Are Jews Moral Without Restrictive Laws? Ki Titzeh

One of the examples I frequently hear as proof that we have the most moral army in the world is “our soldiers don’t rape.” However, this week’s Torah portion teaches that the instinct of Jewish soldiers with passions inflamed by battle could be to rape, just like any other army.

Unfortunately, the Torah doesn’t outright forbid a soldier from taking a “beautiful woman” captured in battle and forcing her against her will to become his wife.  However, the opening of our portion does command that if a soldier sees a beautiful woman, he can’t rape her on the spot.  He must take her home, give her a month to mourn her family, and he can than marry her. He incurs upon himself all the obligations of marriage.  He can’t have sexual relations with her, and then sell or enslave her.

On the one hand, what the Torah permits is awful enough, and entirely unacceptable according to our ethical standards today. The Torah essentially permits rape, insofar as all non-consensual marriages are essentially legal rape. Nevertheless, this commandment no doubt prevented many rapes. The soldier who wanted to rape in the heat of the moment probably did not want to take a woman home and incur all of the obligations the Torah imposes. Restrictions imposed by the Torah made us more moral, and perhaps ingrained in us something that impacts on the behavior of Israeli soldiers today.

Perhaps our soldiers have not raped, but Kfar Kassem taught us that our soldiers are capable of massacres. (With the outbreak of the Sinai Campaign in 1956, orders were issued to shoot to kill Israeli Arabs violating a curfew they didn’t even know about. In most cases this was not carried out. However, in Kfar Kassem, farmers were killed returning from their fields.) Thank God, our military court was able to convict the guilty soldiers and establish the principle that “just following orders” is not an excuse for carrying out a patently illegal order (“An order with a black flag waving above it.”). Just as the king was obligated to always have with him a copy of the Torah (more on this later), every Israeli soldier is still obligated to carry with him/her a copy of our army’s ethical code. They are supposed to be taught the code in basic training, although I am not sure that it is sufficiently emphasized or explained in depth.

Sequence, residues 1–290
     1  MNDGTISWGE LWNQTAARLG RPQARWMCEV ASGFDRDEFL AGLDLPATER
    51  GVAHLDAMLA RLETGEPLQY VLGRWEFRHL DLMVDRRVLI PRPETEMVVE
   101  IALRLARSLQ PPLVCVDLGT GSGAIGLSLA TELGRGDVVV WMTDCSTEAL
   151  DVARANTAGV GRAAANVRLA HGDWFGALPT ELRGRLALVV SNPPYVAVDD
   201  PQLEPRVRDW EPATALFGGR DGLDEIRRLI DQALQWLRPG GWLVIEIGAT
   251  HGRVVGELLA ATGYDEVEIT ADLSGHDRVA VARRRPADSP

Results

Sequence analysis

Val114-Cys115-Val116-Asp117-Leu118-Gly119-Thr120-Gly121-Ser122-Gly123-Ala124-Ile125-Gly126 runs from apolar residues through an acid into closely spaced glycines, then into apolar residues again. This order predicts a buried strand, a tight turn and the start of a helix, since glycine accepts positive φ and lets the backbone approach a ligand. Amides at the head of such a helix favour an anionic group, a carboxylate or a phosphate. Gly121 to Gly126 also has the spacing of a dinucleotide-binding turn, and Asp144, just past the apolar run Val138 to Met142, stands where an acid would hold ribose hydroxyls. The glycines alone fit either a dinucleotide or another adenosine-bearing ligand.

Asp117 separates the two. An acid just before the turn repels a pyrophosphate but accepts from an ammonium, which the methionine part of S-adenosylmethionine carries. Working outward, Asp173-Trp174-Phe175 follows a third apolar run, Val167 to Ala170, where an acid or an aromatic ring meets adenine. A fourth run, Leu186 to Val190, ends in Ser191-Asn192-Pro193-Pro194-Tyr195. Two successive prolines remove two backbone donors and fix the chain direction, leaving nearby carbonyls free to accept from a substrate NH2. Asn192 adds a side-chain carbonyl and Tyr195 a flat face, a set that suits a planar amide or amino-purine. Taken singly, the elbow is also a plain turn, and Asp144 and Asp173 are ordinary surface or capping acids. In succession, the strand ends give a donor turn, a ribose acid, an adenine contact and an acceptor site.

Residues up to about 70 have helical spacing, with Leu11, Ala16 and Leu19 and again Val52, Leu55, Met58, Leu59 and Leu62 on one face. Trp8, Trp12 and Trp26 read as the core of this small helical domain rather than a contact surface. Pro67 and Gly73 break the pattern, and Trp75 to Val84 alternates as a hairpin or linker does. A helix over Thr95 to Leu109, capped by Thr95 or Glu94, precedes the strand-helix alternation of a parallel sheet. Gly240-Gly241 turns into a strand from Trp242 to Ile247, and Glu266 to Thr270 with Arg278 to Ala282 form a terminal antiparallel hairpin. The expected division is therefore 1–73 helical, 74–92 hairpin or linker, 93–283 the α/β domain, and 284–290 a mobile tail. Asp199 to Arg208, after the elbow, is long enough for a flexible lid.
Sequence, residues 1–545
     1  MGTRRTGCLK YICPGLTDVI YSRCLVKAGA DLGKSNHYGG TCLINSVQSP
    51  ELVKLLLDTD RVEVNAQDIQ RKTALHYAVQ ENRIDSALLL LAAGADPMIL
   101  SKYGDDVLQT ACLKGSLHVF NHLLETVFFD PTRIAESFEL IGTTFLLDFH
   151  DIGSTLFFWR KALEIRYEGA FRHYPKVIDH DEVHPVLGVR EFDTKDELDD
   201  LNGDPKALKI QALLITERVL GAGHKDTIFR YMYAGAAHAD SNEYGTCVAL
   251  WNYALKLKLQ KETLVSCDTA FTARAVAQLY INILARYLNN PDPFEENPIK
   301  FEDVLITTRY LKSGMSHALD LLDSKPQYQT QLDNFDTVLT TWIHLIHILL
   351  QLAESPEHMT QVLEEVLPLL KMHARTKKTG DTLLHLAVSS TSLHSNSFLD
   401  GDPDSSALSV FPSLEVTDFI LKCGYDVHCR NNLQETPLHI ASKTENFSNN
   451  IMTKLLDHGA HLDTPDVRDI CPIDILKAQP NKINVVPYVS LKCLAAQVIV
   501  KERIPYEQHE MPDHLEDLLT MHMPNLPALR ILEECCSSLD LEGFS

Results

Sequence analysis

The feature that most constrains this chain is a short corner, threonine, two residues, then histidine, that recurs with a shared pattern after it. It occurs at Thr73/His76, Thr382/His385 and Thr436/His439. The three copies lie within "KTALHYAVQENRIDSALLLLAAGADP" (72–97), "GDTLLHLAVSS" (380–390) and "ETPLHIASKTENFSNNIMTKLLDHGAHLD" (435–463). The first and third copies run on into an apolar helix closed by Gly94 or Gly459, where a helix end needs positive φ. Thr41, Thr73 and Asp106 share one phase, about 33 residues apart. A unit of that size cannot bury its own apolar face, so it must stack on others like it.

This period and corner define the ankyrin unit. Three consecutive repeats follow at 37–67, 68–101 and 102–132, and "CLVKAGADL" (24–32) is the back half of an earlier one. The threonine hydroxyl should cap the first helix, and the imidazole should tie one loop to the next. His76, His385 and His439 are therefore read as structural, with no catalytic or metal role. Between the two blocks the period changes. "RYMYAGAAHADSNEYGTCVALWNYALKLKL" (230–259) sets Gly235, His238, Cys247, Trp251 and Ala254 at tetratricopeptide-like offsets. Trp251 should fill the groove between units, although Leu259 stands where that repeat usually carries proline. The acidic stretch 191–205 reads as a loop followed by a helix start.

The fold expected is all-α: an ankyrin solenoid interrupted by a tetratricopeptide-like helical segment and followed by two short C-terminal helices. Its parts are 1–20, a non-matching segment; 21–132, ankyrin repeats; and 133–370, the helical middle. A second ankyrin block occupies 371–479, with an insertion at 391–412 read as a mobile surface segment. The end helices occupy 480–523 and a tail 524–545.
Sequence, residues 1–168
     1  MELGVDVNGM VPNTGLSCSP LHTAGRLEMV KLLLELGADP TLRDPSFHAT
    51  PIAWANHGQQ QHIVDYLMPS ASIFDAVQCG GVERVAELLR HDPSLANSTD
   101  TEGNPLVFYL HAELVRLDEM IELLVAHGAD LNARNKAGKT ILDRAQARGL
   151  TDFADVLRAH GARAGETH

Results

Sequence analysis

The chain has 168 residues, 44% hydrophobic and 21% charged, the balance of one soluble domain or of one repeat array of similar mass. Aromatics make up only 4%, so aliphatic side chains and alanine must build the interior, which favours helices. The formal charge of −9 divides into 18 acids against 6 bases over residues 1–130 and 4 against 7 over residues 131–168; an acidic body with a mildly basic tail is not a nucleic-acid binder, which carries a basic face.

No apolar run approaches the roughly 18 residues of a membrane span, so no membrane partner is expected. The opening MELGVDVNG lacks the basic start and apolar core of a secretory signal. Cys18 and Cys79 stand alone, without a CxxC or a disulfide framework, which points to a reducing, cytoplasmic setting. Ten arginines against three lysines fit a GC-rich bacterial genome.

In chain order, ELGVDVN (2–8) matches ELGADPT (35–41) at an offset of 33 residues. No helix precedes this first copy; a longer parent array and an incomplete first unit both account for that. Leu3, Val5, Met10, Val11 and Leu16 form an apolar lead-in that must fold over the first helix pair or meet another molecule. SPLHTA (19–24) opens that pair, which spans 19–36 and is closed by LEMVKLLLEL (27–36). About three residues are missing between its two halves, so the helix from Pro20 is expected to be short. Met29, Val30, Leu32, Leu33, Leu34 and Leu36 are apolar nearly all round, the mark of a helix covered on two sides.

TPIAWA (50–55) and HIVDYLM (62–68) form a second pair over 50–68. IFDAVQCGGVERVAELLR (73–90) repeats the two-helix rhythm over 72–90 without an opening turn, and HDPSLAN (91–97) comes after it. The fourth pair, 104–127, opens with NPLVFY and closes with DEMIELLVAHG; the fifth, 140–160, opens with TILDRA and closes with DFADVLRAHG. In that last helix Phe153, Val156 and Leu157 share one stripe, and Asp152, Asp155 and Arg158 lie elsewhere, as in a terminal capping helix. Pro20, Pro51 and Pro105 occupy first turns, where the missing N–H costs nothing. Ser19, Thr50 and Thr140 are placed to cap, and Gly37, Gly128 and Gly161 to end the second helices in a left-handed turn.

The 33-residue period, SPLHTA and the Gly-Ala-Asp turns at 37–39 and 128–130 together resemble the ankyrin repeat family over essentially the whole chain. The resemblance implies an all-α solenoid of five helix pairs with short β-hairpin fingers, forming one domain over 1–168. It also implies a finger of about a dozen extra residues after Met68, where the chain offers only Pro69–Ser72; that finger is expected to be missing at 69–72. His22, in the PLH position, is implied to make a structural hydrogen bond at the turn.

We are not better than others without laws that educate and restrain us. Moses emphasizes this in his parting words to the Israelites that make up the bulk of Deuteronomy, “Do not say in your heart that Adonai your God has enabled us to possess this Land, saying ‘because of my righteousness Adonai brought me to inherit this Land.'” (Deuteronomy 9:4).

When I teach prayer I tell the students that our sages included prayers just before the morning and evening recitation of “Shema Yisrael” thanking God for giving us the commandments out of love, as an answer to those who said that we have a stern, angry and vengeful God. A loving God would free us from the “yoke of the commandments.” I ask them to think about what would happen on our streets if there were no traffic laws.  According to our sages, the fact that God gave us commandments is proof that God loves us.

In the elections in a few days we will be asked to decide whether we are still a nation that believes that bothersome laws restricting the popular will of the people are necessary for our own good. When Yitzhak Rabin said, “The Palestinian police will fight Hamas without “B’tselem,” the Israeli High Court, or “Mothers against Silence,” he may have been expressing his own desire to be freed of human rights organizations, the rule of law and civil society. However, he apparently understood that this is our way, and our greatness. Today we have politicians who are openly proud of what they have already done to undermine our court system, and are vowing to complete the task in the next government.